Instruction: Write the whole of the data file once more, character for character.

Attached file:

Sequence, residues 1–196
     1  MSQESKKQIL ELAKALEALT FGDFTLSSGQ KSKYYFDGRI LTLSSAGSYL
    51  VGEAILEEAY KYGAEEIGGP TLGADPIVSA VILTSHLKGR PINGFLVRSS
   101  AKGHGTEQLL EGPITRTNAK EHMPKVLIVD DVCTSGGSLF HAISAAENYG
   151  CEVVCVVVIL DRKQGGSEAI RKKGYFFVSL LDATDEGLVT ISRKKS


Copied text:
Sequence, residues 1–196
     1  MSQESKKQIL ELAKALEALT FGDFTLSSGQ KSKYYFDGRI LTLSSAGSYL
    51  VGEAILEEAY KYGAEEIGGP TLGADPIVSA VILTSHLKGR PINGFLVRSS
   101  AKGHGTEQLL EGPITRTNAK EHMPKVLIVD DVCTSGGSLF HAISAAENYG
   151  CEVVCVVVIL DRKQGGSEAI RKKGYFFVSL LDATDEGLVT ISRKKS